Dec. 7, 1941 – the day that changed the world
She was only 7 when bombs were dropped on Pearl Harbor, but she'll never forget that day.
Sunday, Dec. 7, 1941. I remember the day well: To me, it was a quiet, peaceful, ordinary Sunday morning. I was riding my bicycle along the sidewalk. The air was brisk, yet the California sun shone strong and brightened the blue sky. Neighbors were mowing lawns, some were washing cars, radios were playing music from different stations, which sounded confusing as I passed from one yard to another. Then, quite suddenly, all music stopped. And all the radio stations converged into one voice that amplified like a loud speaker down the street – "Pearl Harbor under attack..."
Knowing that something was wrong, I stopped in my tracks and looked around. One neighbor dropped his hose and ran into the house, letting water gush into the gutter. Another stopped cutting her roses and dashed into her house, letting the screen door slam behind her. Dad, who was mowing our lawn, left the mower idle while he ran into the house to gather around the radio with Mother in time to hear the famous words spoken by President Roosevelt, "This day will go down in infamy."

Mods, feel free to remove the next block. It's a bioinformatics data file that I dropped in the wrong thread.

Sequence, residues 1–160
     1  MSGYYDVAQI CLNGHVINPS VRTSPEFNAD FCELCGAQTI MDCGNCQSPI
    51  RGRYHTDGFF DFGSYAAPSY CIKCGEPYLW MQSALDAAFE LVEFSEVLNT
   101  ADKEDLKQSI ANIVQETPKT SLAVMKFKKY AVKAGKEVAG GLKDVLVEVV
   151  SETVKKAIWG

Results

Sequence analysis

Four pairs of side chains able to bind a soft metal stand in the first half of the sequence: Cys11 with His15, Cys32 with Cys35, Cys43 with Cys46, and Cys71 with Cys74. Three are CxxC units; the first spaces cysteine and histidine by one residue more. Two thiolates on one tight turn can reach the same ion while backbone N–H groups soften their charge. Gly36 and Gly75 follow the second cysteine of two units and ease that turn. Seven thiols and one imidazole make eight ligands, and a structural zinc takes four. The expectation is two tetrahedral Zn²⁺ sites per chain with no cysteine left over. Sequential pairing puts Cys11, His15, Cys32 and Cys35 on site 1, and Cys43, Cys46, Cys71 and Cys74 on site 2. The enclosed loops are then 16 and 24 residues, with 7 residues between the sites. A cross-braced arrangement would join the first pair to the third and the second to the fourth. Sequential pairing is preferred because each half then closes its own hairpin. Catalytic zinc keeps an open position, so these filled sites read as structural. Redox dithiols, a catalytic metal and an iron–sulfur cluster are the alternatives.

I wondered what it was all about.
My brother, who was 12 years my senior, came roaring up the driveway on his motorcycle, leaned it on the kickstand and sprinted up the back steps into the house. Jamming his gloves into the rear pocket of his pants, he leaned on the mahogany dining table, crossed his arms across his chest, and listened to the news report.
He looked at Mother, her head bent, and her eyes watering as she bit down hard on her lower lip to prevent tears flowing. Dad sat deep in the feather-filled cushioned chair next to the radio. They did not speak as the news told of the disaster at Pearl Harbor.
I stood by watching and listening with my 7-year-old eyes and ears, still wondering what it was all about. What and where was Pearl Harbor? Why was it under attack and by whom?